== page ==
Nadja Martens

There is so much room to change and improve, always, and it’s really hard to let go. You fail all the time, you know, but you improve. Mistakes give you an opportunity to reflect.

An artist whose output is constantly evolving, Nadja Martens is a consummately thoughtful communicator. Her work—rooted in her childhood influences and her prescient observations about individuality, self-confidence, and society—is whimsical, humorous, and mysterious.

Nadja Martens hails from northern Germany, more specifically, the outskirts of Hamburg, where she was raised in the forest by her grandparents. She recalls wandering the woods in the company of the family’s two dogs, entranced by the mystery of the landscape. “Everything entertained me. The moss, the trees. I think it was the best time of my life.” The Grimm Brothers’ fairy tales her grandmother told her and the animals she encountered would all go on to fuel her output many years later.

A creative child who always enjoyed art projects, it was not until she reached her 20s that she realized an artistic career would be her calling. She had attended business school in Germany, and later came to the United States as an au pair. As part of that program, she first took art classes at a local university—and that was when everything began to click.

Experiences working with children flavor her work to this day. “I like to look at children,” she says. “I like observing how they interact with the world around them.” Born of this sensibility is her best-known work: a series of multimedia pieces reflecting on Red Riding Hood’s encounter with the wolf. “You tell children not to touch the dog and what are they going to do?” she asks with a rueful smile. “They’ll touch the dog. Of course, until they get bitten.”

As is typical with Martens’ output, there are many levels on which the Red Riding Hood series operates. “It’s something like facing yourself,” she says, “and your darker impulses. I think there is a way you can satisfy both sides and confront your fears.”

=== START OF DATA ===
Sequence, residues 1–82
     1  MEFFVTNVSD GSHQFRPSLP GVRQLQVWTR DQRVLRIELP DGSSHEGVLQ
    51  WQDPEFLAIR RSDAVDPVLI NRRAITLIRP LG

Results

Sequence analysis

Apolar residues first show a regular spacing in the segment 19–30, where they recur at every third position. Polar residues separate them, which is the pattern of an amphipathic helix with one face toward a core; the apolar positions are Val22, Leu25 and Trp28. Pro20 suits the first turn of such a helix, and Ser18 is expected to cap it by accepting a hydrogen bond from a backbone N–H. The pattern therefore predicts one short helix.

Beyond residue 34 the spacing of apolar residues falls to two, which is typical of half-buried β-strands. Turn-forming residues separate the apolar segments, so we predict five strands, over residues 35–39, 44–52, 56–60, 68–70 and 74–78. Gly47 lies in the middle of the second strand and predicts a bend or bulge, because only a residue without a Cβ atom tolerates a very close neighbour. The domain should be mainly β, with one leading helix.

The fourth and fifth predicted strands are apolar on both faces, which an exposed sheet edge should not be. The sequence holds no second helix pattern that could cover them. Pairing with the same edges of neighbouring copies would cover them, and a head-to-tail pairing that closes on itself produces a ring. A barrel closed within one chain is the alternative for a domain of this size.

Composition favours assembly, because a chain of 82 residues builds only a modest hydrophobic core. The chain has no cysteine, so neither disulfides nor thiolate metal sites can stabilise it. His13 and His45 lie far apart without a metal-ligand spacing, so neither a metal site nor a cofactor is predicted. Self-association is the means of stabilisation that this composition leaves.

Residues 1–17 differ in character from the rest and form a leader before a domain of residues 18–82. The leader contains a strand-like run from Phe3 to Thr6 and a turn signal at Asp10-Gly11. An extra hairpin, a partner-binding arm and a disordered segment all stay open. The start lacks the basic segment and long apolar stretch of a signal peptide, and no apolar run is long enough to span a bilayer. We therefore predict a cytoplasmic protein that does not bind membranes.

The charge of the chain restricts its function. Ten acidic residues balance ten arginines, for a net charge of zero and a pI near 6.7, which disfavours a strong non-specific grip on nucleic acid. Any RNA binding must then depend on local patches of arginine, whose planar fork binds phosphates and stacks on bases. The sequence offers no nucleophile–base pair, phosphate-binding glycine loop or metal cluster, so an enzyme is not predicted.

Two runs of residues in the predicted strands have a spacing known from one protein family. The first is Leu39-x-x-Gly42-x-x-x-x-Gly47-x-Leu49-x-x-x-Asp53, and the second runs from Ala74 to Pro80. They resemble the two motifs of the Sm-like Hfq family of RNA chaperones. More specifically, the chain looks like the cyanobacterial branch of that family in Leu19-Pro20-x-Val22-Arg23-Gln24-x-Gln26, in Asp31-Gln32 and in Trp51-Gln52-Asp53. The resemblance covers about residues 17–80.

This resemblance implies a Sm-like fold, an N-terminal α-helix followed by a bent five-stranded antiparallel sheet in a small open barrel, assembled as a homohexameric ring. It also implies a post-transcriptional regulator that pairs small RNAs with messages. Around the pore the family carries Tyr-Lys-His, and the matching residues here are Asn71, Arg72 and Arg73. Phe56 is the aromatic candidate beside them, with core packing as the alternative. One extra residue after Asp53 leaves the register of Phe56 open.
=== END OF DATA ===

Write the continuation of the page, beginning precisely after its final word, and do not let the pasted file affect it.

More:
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After concluding her stint as an au pair, Martens committed to her art full-time, taking arts practice classes at Foothill and De Anza colleges. She also began to dabble in other disciplines, especially philosophy and psychology. “It helps with developing concepts for the paintings,” she says, “and understanding yourself.”

These principles are at play in another of her popular works, Snow-White & Rose-Red, depicting sisters from another fairy tale. “My paintings often reflect situations in my life that I’m perhaps not aware of. The way this work is painted, it’s really cute,” Martens observes. “I recall that at the time I wasn’t really in tune with myself. I wanted to be, but I couldn’t be.” She pauses, “And I think that’s something people can relate to. We all, at times, feel separated from ourselves.”

Her more current work—including her collection Walk with Me Where No One Follows, recently exhibited at San Jose’s Kaleid Gallery—further reflects on these themes.

“I like to paint animals because they always represent something,” she says. Describing a work from that show, The Departure, she says, “Here, the bear is courage and strength. It’s a story about having faith in yourself.” She continues, “People always like to tell you ‘You need to do this. You’re reaching a certain age,’ you know? Trying to enforce all the social norms. And they may not apply to you. It can be hard to trust yourself and go with it, but you have to have faith in yourself.”

Of her creative process, Martens insists that everything is just that: a process. “Art is not a talent; it’s a practice.” She confesses, “I don’t think of my paintings as being perfect or finished. There is so much room to change and improve, always, and it’s really hard to let go. You fail all the time, you know, but you improve. Mistakes give you an opportunity to reflect.”

“I hope that I get to the essence of feelings we all share,” she says. “When you struggle, it doesn’t matter with what. It comes down to the same experience. I hope that people can identify with this, and not feel alone. That is the one thing I would love: if my work could talk to people and show them something they can connect to emotionally. In the best case, I hope I can inspire people.”

Original article appeared in Issue 8.0 Explore
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